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Yasmin Zaidi paints the pandemic

Yasmin Zaidi paints the pandemic


Yasmin Zaidi paints the pandemic

Yasmin Zaidi has begun to paint grief. It comes through in her two new works: one shows a young woman holding chrysanthemums in her arms, with graves behind; another has masked, socially distant people along a stairway (to heaven?). She asked her family what to name them, and got a number of replies: Viral Apartheid 2021, Loveliness and Loneliness. “I realised that everyone is feeling personally involved during this pandemic… They will give their own names to the paintings,” says the 70-year-old artist who paints flowers and people.Zaidi has lived across India — Firozpur Jhirka (in Haryana), JK Puram and JK Gram (in Rajasthan), Delhi and many more — where she worked as an educationalist through her life, mostly in administrative positions, though she trained as an English and Social Studies teacher. “I taught art sometimes because I was just able to,” says the hobbyist, whose home, when growing up, was filled with letters and pictures. Her father, Syed Ali Jawad Zaidi, was an Urdu poet and scholar, and her grandfather dabbled in art.She draws from the various elements of Nature she has encountered through life: The stairway in her current oil on canvas leads towards birch trees she retrieved from mental images of Kashmir. The red bottle brush and yellow tecoma in the ‘girl with chrysanthemums’ are from her ground floor flat in Mumbai, where she has a little garden. “My mother was very fond of gardening,” she remembers.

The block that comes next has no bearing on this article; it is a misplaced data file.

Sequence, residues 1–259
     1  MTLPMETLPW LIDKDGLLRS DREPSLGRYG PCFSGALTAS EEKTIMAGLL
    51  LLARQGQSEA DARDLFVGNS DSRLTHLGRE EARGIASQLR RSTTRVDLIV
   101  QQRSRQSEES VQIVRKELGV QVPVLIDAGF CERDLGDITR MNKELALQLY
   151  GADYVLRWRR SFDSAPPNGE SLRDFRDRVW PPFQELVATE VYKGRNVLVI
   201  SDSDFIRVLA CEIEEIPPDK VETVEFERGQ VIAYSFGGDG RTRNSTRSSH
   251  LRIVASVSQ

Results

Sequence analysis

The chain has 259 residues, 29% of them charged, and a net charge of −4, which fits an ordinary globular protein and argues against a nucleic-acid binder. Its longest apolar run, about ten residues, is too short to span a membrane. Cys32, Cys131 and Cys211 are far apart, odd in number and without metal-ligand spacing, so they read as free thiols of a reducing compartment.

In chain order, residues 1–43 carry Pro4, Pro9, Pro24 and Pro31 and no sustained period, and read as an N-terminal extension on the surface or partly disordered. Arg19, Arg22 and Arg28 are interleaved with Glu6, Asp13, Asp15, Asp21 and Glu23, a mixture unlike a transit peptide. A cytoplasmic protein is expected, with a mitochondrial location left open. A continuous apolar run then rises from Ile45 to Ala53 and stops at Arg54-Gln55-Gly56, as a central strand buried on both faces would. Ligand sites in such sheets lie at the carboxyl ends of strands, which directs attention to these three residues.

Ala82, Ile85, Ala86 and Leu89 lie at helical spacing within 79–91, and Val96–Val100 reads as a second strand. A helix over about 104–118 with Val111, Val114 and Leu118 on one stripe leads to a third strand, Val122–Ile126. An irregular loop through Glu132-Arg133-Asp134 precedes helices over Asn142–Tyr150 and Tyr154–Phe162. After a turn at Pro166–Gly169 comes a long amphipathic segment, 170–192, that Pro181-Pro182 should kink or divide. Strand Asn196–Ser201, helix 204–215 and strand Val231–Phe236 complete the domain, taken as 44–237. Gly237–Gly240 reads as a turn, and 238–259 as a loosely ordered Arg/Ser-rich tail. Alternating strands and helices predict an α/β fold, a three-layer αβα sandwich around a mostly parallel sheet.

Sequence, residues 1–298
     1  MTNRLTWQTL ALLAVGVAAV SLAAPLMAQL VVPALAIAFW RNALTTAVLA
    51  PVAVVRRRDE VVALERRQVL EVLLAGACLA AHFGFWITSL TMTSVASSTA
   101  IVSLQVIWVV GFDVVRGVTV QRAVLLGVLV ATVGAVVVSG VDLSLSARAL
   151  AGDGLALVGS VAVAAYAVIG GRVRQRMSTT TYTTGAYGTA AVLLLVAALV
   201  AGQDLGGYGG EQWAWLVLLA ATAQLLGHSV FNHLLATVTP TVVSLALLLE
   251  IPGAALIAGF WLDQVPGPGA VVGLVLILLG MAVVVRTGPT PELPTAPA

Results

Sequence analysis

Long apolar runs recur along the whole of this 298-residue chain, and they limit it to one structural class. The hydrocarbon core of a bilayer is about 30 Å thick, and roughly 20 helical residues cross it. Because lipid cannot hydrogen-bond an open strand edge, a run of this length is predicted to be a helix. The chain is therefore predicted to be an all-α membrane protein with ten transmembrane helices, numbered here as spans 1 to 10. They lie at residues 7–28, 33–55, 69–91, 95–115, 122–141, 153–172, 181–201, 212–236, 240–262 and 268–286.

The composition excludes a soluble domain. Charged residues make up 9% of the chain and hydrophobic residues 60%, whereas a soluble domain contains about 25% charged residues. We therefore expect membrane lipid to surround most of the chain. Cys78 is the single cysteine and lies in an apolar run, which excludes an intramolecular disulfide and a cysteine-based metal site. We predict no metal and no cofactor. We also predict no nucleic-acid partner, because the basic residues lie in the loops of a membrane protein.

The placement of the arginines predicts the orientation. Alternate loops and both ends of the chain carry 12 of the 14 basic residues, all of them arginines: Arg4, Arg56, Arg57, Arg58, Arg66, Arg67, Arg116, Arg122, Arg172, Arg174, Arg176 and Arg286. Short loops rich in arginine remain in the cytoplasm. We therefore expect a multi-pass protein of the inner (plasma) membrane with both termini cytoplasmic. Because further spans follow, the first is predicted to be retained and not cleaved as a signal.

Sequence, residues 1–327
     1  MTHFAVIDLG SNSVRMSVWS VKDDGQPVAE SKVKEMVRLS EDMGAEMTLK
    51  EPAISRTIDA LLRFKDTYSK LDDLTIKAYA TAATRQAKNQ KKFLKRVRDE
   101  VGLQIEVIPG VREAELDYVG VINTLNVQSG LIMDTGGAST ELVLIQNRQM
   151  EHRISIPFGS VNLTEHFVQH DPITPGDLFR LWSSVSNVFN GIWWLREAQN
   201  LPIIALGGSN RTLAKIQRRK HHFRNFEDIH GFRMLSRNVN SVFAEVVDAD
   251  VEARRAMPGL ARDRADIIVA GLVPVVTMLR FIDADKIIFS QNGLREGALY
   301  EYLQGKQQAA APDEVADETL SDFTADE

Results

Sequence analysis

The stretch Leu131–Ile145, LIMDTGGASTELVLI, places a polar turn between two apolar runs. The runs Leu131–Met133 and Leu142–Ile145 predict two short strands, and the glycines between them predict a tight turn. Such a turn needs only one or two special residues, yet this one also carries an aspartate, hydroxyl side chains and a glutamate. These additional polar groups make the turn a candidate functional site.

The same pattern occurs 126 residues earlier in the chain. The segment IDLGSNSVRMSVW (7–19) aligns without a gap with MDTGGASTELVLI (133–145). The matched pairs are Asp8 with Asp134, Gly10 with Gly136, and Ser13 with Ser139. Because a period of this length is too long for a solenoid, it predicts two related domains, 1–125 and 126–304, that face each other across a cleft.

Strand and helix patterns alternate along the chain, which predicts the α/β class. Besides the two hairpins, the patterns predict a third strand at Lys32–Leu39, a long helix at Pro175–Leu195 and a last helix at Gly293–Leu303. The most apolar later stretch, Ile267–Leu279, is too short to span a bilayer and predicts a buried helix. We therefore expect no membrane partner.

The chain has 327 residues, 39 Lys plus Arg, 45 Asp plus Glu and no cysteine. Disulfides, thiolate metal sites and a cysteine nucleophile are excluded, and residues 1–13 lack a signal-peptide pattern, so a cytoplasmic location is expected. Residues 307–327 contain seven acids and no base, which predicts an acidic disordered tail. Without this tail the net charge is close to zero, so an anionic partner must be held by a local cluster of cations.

This time though, flowers have been used as a metaphor for the departed. Urdu poet Afzal Ahmed Syed’s Hamein Bahut Sare Phool Chahiye, which seems to allude to war and talks about how we need a lot of flowers to cover our dead, played in her head as she painted.“When I paint, personal things come in — a book by Annie (her daughter, a writer), but the whole world was becoming personal,” she says of the shock waves that seemed to have affected everyone.She hasn’t thought of selling: “I hardly think of the paintings as belonging to me.” She adds she wouldn’t know how to, and even if she did, it would go to COVID relief. Right now, she’s recovering from a gall bladder surgery and is with her son in Pune. “I want to paint more, but I have run out of canvas, and it’s difficult to get it right now,” she says.

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